He had us at hello…


The Rockstar


Obama’s popularity may be struggling at home, but here in Indonesia he had us at “hello.” A crowd of over 6,500 fans went wild with cheering and applause as the President opened his landmark speech with this simple statement in fluent Bahasa Indonesia:

Indonesia adalah bagian dari saya. (Indonesia is a part of me).

This article states that the atmosphere during Obama’s speech was reminiscent of a rock concert, with the excited crowd buzzing and music pulsing before the president’s address. The full speech is posted below.


He came, he spoke, he’s gone…

Obama’s recent mid-term election defeat and declining popularity polls indicate that the President has fallen a few pegs from his once lauded celebrity status back home. Media pundits paint a sombre picture of the man behind almost 2 hard years of presidency: Obama weary of holding the weight of America’s problems; Obama’s shiny “Yes We Can!”exterior showing signs of cracking under rising discontent and unrelenting political opponents; Obama with gray hairs streaking his once sleek dark hair and worry lines framing that signature smile.

But Barack’s short visit to Indonesia this week cast him in an entirely different light, giving him a particular glow that’s not been seen since perhaps the inspiring beacon of change and hope that beckoned to us during the elections of 2008: Barack Obama the rock star.

Confident, charismatic and smooth, Obama towered over Indonesian President Yudhoyono’s small stature, breaking easily into smile and peppering his statements with fluent Indonesian expressions that were hits with his audience and instant media soundbites: “Sate… bakso enak ya!” (Satay and meat balls are delicious!)

With the conclusion of his trip today, Barack delivered his much-hyped speech at the University of Indonesia, where the audience of 6,500 people continuously shouted out: “We love you Barry!”and broke into raucous applause every time the former Jakarta resident made a cultural reference, such as the “bemos” (three-wheeled cars) that once traversed the roads and the “high-rise” building of Sarinah shopping center (now considered a low-rise building by modern standards).

But beyond the sprinkling of cultural references, the President focused his speech on the subject of strengthening the ties between U.S.-Muslim relations. The President praised Indonesia for its diversity, multiculturalism and tolerant stance towards religion—all factors that have been a part of the country’s democratic reforms and are the ties that can bond the two democratic states together.

As Barack is often negatively (and wrongly) portrayed as a Muslim by some political opponents in the U.S., it was refreshing to see the President speaking so forcefully about cementing ties with the largest Muslim country in the world, and being applauded for it. The President stated:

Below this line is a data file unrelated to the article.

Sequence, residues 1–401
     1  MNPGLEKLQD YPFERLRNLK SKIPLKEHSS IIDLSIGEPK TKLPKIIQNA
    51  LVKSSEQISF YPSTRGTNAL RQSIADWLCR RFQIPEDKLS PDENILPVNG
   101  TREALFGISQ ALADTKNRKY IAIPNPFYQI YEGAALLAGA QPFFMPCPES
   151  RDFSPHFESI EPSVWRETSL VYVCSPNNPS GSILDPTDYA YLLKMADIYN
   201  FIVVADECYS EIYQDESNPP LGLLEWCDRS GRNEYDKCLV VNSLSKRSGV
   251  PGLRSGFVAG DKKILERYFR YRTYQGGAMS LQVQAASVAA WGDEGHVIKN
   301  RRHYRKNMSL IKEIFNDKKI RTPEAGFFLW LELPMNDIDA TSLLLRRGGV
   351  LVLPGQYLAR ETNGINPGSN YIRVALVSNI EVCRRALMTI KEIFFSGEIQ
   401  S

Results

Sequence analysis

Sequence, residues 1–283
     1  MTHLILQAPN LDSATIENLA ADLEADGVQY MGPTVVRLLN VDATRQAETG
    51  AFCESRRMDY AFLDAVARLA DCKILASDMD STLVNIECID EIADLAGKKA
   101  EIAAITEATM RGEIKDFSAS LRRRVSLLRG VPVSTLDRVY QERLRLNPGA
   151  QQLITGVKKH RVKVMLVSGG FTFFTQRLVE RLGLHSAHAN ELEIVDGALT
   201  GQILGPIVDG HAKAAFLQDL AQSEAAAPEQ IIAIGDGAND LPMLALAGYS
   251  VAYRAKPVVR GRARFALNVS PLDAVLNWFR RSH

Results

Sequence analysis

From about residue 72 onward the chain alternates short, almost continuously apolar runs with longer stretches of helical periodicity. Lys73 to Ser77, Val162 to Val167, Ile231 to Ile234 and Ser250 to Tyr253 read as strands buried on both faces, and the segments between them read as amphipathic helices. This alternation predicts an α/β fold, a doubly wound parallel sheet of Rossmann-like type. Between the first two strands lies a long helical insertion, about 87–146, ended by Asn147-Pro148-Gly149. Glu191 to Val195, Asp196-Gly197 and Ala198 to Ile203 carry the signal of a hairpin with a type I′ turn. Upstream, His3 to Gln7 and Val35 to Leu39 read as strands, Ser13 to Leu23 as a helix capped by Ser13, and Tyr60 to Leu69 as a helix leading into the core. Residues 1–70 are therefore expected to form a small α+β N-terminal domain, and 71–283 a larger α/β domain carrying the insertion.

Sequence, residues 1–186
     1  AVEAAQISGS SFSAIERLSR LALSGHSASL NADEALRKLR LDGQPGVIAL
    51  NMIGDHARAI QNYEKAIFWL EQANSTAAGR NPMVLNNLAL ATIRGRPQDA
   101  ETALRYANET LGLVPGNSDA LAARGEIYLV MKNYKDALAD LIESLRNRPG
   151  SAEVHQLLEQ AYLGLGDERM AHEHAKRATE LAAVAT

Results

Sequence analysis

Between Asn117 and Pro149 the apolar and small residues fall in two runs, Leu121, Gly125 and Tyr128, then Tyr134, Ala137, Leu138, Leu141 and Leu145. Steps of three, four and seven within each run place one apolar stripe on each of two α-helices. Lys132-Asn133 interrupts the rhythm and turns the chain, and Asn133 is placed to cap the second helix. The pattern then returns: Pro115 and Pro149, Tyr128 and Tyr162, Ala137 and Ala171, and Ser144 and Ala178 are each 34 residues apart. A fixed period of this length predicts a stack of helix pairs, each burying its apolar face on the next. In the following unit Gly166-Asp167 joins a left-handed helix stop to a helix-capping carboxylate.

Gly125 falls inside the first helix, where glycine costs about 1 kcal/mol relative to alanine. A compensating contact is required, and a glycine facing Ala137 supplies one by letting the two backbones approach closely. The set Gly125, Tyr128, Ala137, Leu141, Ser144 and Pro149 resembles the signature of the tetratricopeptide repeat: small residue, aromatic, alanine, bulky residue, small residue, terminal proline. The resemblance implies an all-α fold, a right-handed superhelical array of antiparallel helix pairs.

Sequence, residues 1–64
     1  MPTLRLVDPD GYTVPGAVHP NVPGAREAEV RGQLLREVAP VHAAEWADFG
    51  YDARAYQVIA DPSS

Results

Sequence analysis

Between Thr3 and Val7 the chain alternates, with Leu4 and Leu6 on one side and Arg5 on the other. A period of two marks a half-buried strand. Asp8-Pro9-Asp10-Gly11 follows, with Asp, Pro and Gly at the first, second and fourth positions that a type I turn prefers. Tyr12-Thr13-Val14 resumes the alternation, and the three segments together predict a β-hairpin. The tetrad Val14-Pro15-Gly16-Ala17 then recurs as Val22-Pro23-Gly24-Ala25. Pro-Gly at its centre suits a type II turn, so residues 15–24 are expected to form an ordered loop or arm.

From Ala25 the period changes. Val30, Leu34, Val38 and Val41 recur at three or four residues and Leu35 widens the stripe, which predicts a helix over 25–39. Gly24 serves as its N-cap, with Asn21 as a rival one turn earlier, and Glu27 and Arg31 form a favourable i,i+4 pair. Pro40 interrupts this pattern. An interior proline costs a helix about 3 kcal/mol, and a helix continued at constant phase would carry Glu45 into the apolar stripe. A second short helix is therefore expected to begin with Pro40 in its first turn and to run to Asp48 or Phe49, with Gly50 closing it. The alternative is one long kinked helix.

America is not and never will be at war with Islam.

As the speech was broadcast across the country, spectators everywhere took to their Twitter feeds to express their pride and approval of the one they call Indonesia’s adoptive son. One deeply impressed woman tweeted:

desianwar:I hope our leaders could learn how to deliver a speech like @BarackObama – connected, inspiring, riveting

An hour later, the President was photographed running nimbly up the steps of Air Force One to catch his next flight to Seoul, looking cooler than ever and with some definite new pep in his step. As the President will face the plethora of issues plaguing his current leadership upon his return, let’s hope he remembers Indonesia’s warm welcome that catapulted him back to rock star status, if only for one day.

Everyone wants a piece of the “little Barry” story


Paintings of Obama as a child hang at the President's former elementary school


Obama arrives in Jakarta today and the excitement around the city is palpable. As local media reports have been on the “Obama beat” since last week, a deluge of sensationalized stories have popped up in which local residents lay claim to Jakarta’s one-time resident.  Here’s one of my favourite stories in which two of Obama’s “old friends” wax nostalgic about the U.S. President and his boyhood virtues. “Old friend” number one is a street parking attendant who used to work outside Obama’s elementary school and (may or may not have ever) spoke to the future president. Nonetheless, the parking attendant feels the two formed a special relationship. He says:

“I really want to see him once more. Of course I’m proud of him.”

“Old friend” number two is a local pedicab driver who claims to have given Barack and his nanny a ride home on two different occasions. Although these meetings were short and superficial, the driver could sense the six-year old’s sprightly qualities that would one day lead him to the Executive Office of the most powerful country in the world.

“Obama was just like other children, but he was agile.”

Such vivid memories these old friends have of mundane events that happened over 40 years ago!

But amongst the blitz of recent of media hype, two substantial pieces have emerged that provide a clearer picture of what life was like for little Barry; a child and new-comer living amongst impoverished Jakarta as the country stood on the brink of its New Order era. This New York Time’s article provides a snapshot of what life was like, providing insight into Barack’s Jakarta neighborhood, his family life while in Indonesia (a gay nanny? who knew!), and contextual background on the political and social environment of late 1960’s Jakarta.

Equally interesting, is the below video by Associated Press’s Charlie Dharapak. The short clip was made in 2008 and provides an interesting (and less hyped) picture of Barack’s elementary school experience.

But no matter the media story, the people interviewed as the elite “knowers-of-Obama-back-then” all seem to have shared the same inclination to ask the young boy if he’d ever like to be U.S. president one day. A question to which little Barry confidently answered to all his “friends,” yes.